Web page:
That's what we're trying to do in futureproofing. I said at the beginning it was all about building skills and capability for the future and improving our ability to respond quickly to new priorities. Assuming that we are given the powers and assuming that we are given a full financial settlement to go with those powers, then I have every confidence that the Welsh Government would be able to respond to the challenge, and we would draw on all of the expertise and best practice available to help us do that.
Do you have any view in relation to the different model that he presents, which he contrasts to the Whitehall model, which he maintains is excessively expensive? So, effectively, if I can paraphrase, a leaner core, working more in partnership with external sources of expertise. Do you recognise that as a potential alternative approach to policy development, in particular, within the civil service?
That's certainly something that we would look at. I think the way that we operate in the Welsh Government is already different from Whitehall because of scale. Our scale means that we have to operate differently, and I would say that our approach to the civil service as a whole is actually very lean and agile. If you think of the breadth of responsibilities that we have as a Welsh Government compared to any single UK Government department, we already have to span a very wide range of areas within pretty tight resource constraints. So, that is certainly a model that we would want to look at. But we would want to look at best practice, including internationally as well. I think this would be a really important step forward for the Welsh Government. We would need to get it right—we would need to learn from best practice everywhere—but the model that you're suggesting is certainly one that we would look at and which I think would fit with the way that things are already done in the Welsh Government.
Iawn. Diolch yn fawr am hwnna. Os caf i troi nawr at gwestiynau yn ymwneud â chydraddoldeb yn gyffredinol, ond yn benodol y bwlch cyflog rhwng y rhywiau, mi oeddem ni, rwy'n credu, yn y sesiwn blaenorol wedi cyffwrdd rhywfaint ar adroddiadau roedd Chwarae Teg wedi eu gwneud, oedd wedi'u comisiynu gan Lywodraeth Cymru. Dŷch wedi ei ddweud—. Dwi'n cymryd eich bod chi'n bwriadu bwrw ymlaen â mynd i'r afael gyda'r cwestiwn o fwlch cyflog rhwng y rhywiau trwy eich cynllun amrywiaeth a chynhwysiant newydd, fydd yn cael ei lansio a'i gyhoeddi ym mis Ebrill y flwyddyn nesaf, yn hytrach na bwrw ymlaen gyda cynllun arall penodol ynglŷn â'r union gwestiwn yma o'r bwlch cyflog. A allwch chi ddweud rhywfaint am pam—beth yw'r rhesymau dros ei gynnwys e mewn cynllun mwy, yn hytrach na cynllun penodol ar wahân?
Okay. Thank you very much for that. If I may turn now to questions regarding equality in general, but specifically the gender pay gap, we did, I think, in the previous session, touch a little on the reports from Chwarae Teg, commissioned by the Welsh Government. You have said—. I do take it that you intend to press ahead with addressing the question of the gender pay gap through your new equality and inclusion plan, which will be launched and published in April next year, rather than pressing ahead with another specific plan regarding this exact question of the gender pay gap. Could you tell us a bit about why—what are the reasons for including it in the broader scheme, rather than a specific, seperate scheme?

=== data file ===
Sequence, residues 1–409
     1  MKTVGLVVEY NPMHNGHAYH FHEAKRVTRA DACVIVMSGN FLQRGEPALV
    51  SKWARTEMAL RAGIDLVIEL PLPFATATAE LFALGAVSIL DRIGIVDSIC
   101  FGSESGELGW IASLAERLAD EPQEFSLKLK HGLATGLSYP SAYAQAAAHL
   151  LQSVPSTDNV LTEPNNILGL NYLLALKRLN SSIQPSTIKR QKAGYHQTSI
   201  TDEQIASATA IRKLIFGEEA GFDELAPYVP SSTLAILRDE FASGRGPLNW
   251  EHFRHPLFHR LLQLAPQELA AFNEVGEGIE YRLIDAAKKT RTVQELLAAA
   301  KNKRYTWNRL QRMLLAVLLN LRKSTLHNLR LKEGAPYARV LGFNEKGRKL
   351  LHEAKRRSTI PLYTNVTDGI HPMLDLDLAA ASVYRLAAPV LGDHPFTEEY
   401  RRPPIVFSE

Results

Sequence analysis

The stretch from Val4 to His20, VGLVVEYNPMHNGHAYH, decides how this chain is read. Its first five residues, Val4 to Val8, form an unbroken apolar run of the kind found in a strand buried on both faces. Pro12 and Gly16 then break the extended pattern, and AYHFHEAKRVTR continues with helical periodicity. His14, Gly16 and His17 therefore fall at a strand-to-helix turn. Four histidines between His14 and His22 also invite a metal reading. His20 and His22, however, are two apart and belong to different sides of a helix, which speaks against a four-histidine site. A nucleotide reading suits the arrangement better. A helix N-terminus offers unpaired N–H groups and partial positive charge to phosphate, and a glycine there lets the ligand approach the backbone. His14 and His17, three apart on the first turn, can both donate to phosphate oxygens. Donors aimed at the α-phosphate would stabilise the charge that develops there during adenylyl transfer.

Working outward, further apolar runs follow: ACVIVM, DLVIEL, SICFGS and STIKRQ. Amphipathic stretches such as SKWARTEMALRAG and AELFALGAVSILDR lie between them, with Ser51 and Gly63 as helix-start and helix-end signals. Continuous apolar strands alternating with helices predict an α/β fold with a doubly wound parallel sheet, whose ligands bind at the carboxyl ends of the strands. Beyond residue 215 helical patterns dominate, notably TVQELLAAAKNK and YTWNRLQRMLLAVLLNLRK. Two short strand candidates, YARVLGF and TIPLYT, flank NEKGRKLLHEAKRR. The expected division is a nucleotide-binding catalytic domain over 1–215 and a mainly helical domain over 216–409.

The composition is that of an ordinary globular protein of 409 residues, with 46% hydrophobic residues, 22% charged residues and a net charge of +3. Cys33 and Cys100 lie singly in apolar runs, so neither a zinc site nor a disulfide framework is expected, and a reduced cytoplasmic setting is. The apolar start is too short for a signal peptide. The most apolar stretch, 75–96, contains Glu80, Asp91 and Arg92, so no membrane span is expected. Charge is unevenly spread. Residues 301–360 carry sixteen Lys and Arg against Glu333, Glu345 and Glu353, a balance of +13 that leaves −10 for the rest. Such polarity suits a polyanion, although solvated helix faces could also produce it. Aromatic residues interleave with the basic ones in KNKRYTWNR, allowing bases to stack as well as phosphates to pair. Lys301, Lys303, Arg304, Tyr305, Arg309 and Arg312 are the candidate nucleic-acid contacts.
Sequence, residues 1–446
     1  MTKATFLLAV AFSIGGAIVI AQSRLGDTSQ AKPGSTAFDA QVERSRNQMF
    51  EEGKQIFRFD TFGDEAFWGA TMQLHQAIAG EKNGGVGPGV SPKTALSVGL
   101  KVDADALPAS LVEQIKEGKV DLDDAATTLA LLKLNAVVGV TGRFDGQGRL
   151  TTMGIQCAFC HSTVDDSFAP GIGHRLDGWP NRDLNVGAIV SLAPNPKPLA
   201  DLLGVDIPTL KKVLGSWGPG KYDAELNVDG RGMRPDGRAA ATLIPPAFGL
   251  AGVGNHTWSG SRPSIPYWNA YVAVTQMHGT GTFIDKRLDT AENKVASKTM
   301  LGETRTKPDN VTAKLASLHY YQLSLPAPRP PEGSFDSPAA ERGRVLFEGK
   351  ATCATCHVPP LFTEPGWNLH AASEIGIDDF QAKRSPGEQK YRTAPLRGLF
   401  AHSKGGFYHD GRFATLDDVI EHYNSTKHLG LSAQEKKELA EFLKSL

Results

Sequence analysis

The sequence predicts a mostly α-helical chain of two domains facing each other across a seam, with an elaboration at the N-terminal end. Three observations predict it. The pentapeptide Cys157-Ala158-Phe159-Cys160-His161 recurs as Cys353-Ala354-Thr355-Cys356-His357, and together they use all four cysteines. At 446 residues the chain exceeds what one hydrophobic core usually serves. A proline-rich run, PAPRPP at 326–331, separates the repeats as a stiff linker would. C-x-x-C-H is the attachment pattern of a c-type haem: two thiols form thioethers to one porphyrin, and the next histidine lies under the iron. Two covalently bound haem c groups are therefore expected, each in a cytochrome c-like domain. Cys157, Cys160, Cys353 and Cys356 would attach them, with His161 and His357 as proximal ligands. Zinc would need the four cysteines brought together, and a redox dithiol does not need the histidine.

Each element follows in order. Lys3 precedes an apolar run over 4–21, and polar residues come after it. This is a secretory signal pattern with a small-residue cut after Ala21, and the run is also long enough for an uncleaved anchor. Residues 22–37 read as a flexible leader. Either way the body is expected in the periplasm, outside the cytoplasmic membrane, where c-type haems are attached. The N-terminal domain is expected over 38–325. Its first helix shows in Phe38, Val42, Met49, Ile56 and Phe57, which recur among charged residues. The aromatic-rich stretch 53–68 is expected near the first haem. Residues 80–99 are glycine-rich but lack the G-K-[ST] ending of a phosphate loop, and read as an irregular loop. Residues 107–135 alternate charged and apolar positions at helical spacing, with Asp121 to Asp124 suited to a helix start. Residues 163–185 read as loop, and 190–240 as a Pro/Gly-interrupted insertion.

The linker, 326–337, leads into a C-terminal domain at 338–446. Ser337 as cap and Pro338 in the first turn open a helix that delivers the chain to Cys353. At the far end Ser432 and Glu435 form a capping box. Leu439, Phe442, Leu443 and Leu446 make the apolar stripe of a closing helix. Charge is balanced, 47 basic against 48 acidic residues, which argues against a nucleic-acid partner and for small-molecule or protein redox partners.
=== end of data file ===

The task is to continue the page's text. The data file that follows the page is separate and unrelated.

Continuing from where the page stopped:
Can I start just by saying a couple of words on the gender pay gap? Any gender pay gap is wrong and we need to tackle it, but I think in Wales we have less far to travel than some other parts of the UK. Our gender pay gap is 7.96 per cent—that's at the end of March last year; those are the latest figures. And there's a very slight decrease already in the Welsh Government, down from 8.8 per cent. The context is a UK civil service average of 12.2 per cent against our 7.96 per cent. Now, as I said, any difference is wrong, but at least our journey is a little shorter. In fact, the average for Wales as a whole I think is about 15 per cent.
It's clear that we've got some real issues to address here, and in terms of outcomes, not just in terms of pay and terms and conditions, because all the evidence shows that the gender pay gap is affected by grades and working hours as well. And I think both of those are likely to affect BAME and disabled people within the Welsh Government as well.
We're very grateful for the work that Chwarae Teg have done. We're building actions to reduce the gender pay gap into the new diversity and inclusion action plan that you referred to, which we launch next year. So, we're building in action to remove barriers to progression and to improve equality of outcomes for all people with all kinds of protected characteristics, rather than just focusing on the issue of pay and conditions, because we think it is a much broader issue, set of issues, that we need to tackle.
I'm very clear that I want to see a coherent and inclusive approach across the whole of the Welsh Government, looking at issues of intersectionality rather than just gender in isolation, because it is complex and wide-ranging and many of these issues are interconnected. We're going to launch that plan, as you said, in April 2020. That will draw on advice and guidance from stakeholders and practitioners, including Chwarae Teg, also from our own very active staff networks. We have a group of very active networks covering all of the areas of protected characteristics and, of course, our trade union side.